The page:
New Reviews: June 2008
Reviews by Matthew Forss
Sarah Aroeste Band
The music of the Sephardic Jews is rather underrepresented in today’s world music market. However, Sarah Aroeste and her band are going to change that. Sarah’s vocal traditions come from Spain and the Mediterranean region. In fact, she sings in Ladino, which is a Castilian Spanish language of the Sephardic Jews. Sarah’s remarkable vocal sensibilities and tonal range probably stem from her operatic musical training at Yale University. Their second album, Puertas, incorporates traditional rhythms with elements of flamenco, Arabic, fado, rock, jazz, and Portuguese folk. Many of the tracks include piano, oud, darbouka, bass, electric guitar, drums, and strings. Puertas, which means “doors”, is appropriately titled because it is the ‘door’ that opens one to modern Sephardic music. Moreover, the album cover features Sarah with a key around her neck, as she represents the ‘key’ to the ‘door’ of this musical adventure. I invite you to come along on this musical journey and leave the door open wide for others to follow well into the future.
Ustad Nusrat Fateh Ali Khan
Anthology: Nusrat Fateh Ali Khan 1948-1997 [4 CD]
The great late-Ustad Nusrat Fateh Ali Khan is honored in this impressive four CD collection. These songs were recorded live in London on December 14, 1989. Nearly 4 hours of music and 14 long songs sum up the collection. Some of the songs are sung in Farsi, Hindi and Punjabi, though Nusrat also was known for singing in Urdu and Brajbhasha languages. This collection was released to commemorate the 10 year anniversary after his death. Some of the songs are, “Maulah Ali Maulah Ali”, “Allah Hoo Allah Hoo Allah Hoo” and “Araj Sun Leejo Mori”. His musical accomplishments were record-breaking, as he is still the most recorded voice in Qawwali music covering 120-some albums. Each CD contains liner notes of song translations into English. Every Nusrat fan should have this timeless collection in their musical library.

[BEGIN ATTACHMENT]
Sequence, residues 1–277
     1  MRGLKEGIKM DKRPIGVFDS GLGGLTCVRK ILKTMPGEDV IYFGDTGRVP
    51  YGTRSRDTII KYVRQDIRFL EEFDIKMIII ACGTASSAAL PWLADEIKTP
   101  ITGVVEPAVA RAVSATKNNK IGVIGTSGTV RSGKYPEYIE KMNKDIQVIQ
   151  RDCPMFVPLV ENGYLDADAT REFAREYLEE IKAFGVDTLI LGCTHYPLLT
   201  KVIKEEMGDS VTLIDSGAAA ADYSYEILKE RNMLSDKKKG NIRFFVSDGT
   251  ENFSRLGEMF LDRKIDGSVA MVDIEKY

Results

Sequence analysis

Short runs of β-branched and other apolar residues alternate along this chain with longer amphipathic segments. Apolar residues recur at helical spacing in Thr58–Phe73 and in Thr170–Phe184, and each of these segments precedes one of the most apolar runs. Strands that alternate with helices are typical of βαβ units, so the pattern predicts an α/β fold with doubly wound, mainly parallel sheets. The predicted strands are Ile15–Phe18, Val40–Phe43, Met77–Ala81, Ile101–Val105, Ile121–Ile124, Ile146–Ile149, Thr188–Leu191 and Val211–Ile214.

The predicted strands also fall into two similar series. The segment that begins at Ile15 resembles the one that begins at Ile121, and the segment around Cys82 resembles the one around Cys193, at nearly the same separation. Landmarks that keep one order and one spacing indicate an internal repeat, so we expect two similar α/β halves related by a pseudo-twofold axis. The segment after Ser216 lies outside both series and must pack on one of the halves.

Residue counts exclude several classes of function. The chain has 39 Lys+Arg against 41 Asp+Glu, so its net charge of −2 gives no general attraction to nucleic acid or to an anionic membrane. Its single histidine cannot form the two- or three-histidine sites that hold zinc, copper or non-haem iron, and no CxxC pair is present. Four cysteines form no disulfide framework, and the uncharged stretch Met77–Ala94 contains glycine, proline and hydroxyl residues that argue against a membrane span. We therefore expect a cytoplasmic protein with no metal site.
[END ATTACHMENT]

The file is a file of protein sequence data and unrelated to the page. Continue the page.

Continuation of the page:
Aruna, a Mumbai-native and vocalist of South Indian Karnatic classical music, graces the tracks on this album. Her classical repertoire extends back to the 8th century on “Pachai Mammalai”. Though, the songs reflect the Hindu tradition of Bhakti, which is the highest path of spiritual enlightenment. This tradition dates back to the 6th century. The instrumental selection is slightly different from the more commonly-heard, at least for North American audiences, North Indian Hindustani music. The violin, mridangam drum, thavil barrel drum, ghatam earthenware pot, tanpura, and tabla are featured in true Karnatic fashion. Some smaller percussion instruments include talam (hand cymbals), Bengali khol drum, dicki tarang drum, morsing mouth harp, and a steel strip with metal jingles. At times, Aruna’s voice melds perfectly with the drone of the tanpura or sound of the violin. She sings in Tamil, Hindi, Telugu, Kannada, Marathi, and Sanskrit. The entire album runs about 70 minutes in length. Each song is a musical adventure with transcendental properties that are certainly of a ‘divine inspiration’.